Farah Motani 68sc

Farah Motani

Farah Motani's activity stream


  • signed Packaging Petition 2014-07-13 09:44:37 -0400

    Packaging Petition

    Companies that sell products have a choice about the type and amount of packaging they use on their products.

    Many states and countries are creating rules that make these companies responsible for their products and packaging, even after they leave the store. This gives companies a reason to use less packaging and to ensure that it's recyclable. In Ontario, we've made a start, but companies need to do more.

    239 signatures

    Dear The Packaging Association of Canada (PAC), 

    As the organization that calls itself "the voice of the Canadian packaging industry since 1950," your members are mostly responsible for the products and packaging that end up in municipal waste systems.

    We urge your member companies to take responsibility for the packaging waste they create. That's why I am requesting your member companies to:

    a. stop using non-recyclable materials to make packaging.
     
    b. pay back municipalities for the full costs of dealing with packaging once it ends up in the waste or recycling stream.

    Sincerely,

     

    Add signature

  • endorsed 2014-07-13 09:39:18 -0400

    Challenge 2 - Measure Your Waste

    Knowing how much waste you produce will help you identify how it can be reduced!

    • Use Tool #1 OR Tool #2 below to calculate the approximate garbage your household creates in a year.
    • Enter your calculated household waste per year in the comment box below to complete the challenge.
    Endorse

  • endorsed 2014-07-14 18:54:00 -0400
    Found a place to store my toxic waste! Looking forward to the next Community Environment Day to dispose of it properly!

    Challenge 9 - Tackle Toxic Trash

    CEDay_Ward19_Haz_Waste_Paint-cropped-sm.jpgTackle Toxic Trash

    Certain types of waste can't go in the garbage or recycling bin because they contain toxic ingredients that can harm the environment or human health. This type of special waste needs to be sorted and sent to the right place so it can be recycled properly.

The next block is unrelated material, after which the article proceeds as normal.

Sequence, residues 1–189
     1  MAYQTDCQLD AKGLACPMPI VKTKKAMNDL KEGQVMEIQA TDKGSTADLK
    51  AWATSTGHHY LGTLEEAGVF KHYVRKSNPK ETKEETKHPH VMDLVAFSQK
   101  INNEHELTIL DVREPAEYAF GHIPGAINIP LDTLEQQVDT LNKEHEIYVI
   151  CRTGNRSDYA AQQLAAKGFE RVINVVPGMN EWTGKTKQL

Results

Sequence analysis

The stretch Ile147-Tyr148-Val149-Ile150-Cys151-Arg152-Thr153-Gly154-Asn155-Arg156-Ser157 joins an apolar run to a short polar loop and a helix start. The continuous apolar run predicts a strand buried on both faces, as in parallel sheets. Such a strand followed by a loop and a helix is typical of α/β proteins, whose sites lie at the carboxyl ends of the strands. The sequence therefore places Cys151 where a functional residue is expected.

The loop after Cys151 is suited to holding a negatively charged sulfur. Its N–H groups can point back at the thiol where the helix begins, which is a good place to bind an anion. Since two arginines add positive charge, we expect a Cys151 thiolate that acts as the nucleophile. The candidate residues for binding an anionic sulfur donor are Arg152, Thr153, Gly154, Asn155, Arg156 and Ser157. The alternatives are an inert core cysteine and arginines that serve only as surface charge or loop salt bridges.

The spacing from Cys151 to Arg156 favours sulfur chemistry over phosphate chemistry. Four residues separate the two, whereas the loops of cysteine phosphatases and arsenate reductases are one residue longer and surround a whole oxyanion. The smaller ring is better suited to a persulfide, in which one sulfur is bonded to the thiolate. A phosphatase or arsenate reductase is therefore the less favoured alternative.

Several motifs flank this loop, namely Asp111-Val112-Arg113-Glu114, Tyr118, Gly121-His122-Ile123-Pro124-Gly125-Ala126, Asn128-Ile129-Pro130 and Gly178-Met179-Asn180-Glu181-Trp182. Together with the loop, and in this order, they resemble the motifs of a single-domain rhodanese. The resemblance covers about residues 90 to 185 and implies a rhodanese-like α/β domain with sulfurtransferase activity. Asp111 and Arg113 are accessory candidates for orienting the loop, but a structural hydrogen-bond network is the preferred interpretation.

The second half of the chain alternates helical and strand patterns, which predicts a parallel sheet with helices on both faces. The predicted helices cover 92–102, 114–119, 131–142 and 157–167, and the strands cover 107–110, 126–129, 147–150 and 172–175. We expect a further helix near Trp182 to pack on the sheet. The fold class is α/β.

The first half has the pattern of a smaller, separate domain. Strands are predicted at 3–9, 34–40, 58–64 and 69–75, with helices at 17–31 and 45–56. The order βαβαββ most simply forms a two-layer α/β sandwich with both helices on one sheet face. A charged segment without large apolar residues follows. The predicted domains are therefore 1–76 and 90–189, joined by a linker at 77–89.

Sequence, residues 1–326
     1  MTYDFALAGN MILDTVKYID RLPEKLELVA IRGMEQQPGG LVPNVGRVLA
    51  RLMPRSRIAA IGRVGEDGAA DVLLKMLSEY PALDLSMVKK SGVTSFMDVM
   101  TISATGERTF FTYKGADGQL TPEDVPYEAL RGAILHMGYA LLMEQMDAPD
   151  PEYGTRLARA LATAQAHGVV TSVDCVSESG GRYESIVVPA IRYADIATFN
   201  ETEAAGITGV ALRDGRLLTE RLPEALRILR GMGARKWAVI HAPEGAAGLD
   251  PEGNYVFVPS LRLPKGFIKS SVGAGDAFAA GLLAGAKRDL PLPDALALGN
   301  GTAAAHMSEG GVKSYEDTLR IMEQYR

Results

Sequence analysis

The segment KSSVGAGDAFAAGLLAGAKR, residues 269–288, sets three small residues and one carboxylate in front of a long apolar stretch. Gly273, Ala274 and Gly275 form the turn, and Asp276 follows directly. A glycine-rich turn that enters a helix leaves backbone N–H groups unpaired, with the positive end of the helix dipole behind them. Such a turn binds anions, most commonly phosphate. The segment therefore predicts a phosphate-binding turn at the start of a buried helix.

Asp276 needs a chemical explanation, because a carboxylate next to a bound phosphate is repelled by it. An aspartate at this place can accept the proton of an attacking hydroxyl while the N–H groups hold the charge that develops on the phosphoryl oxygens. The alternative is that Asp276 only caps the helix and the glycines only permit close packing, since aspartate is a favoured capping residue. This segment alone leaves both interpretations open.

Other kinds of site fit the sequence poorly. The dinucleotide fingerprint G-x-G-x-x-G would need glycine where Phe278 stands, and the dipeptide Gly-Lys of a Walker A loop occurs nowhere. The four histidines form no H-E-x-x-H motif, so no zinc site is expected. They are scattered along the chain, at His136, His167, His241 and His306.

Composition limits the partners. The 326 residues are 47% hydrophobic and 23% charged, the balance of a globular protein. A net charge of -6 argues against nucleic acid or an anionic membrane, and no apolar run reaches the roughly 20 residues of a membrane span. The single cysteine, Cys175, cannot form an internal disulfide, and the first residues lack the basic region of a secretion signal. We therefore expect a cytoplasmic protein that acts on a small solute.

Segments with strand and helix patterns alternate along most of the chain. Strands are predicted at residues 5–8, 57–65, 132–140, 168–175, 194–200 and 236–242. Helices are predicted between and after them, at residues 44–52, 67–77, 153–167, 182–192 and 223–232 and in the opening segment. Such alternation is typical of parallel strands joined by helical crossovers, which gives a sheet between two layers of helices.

Special waste includes batteries, CFLs (compact fluorescent lights) and fluorescent tubes, medication, paint, oil, nail polish and cleaning products (anything with a 'hazard' symbol). Read the full list on the City website.

    Challenge:

    • Create a space in your home to store this. Choose a safe place away from kids and pets and keep all products in their original containers. Make a sign and let everyone in your household know about it.

    • If you live in an apartment, ask your building manager to create a Special Waste drop off spot. They can call the City to collect it.
    • Upload a photo of your waste collection spot in the comments below.

     

    Where to recycle your hazardous and special waste:

    • Residents can drop off special waste free at any of the 7 City waste Drop-off depots.

    • If you've got a lot of special waste, the Toxic Taxi can come right to your door to collect special waste for free. You need the equivalent of 10 litres of hazardous waste (about 2 and half paint cans).  Call 311 or fill out an online request.

    • If you live in an apartment, talk to your Property Manager about arranging a collection day for the whole building

     

    Take the extra step:
    Find ways to reduce the special and hazardous waste in your home. Use rechargeable batteries instead of disposables. Or make non-toxic cleaners that are safer for you and the environment.  See recipes in Section 8 of TEA's Toxics Reduction Tool Kit.
     

    Endorse

  • endorsed 2014-05-18 21:17:15 -0400
    When I lived in Tanzania, I visited this amazing place called Wonder Welders where disabled artisans are hired to make items out of recyclable materials. I bought this nifty calendar and notebook! They also had jewelery, toys and furniture to name a few. And the coolest part is, you can actually see how they make everything! You can find out more at: http://www.wonderwelders.org


    In Toronto, I always use reusable bags when grocery shopping and I use recyclable stationary where possible. Staples has a decent selection! My next purchase will be recyclable business cards!

    Challenge 6 - Buy Recycled

    100__recycled_Notebooks.jpg

    Buy Recycled

    Buying recycled products is another way to reduce waste. Recycled materials don’t use as many raw materials and natural resources. They also use less water and save energy. Recycled products also help keep the green recycling economy thriving.

    Recycled content is used for many products:

    • office or school supplies (paper, pens and printing cartridges)
    • home supplies (paint, storage bins and garbage bags)
    • clothing or reusable bags made with plastic fibres

    Choosing paper made from 100% recycled paper instead of trees uses 50% less water and energy - and it saves trees!

    Challenge:

    • If you’re buying new products, choose something that is made of recycled materials. Aim for 100% post-consumer recycled content.
    • Share a photo or tell us about it

    Take the extra step:
    Write to a company that you buy from and ask them to include more recycled content in their products.

    Endorse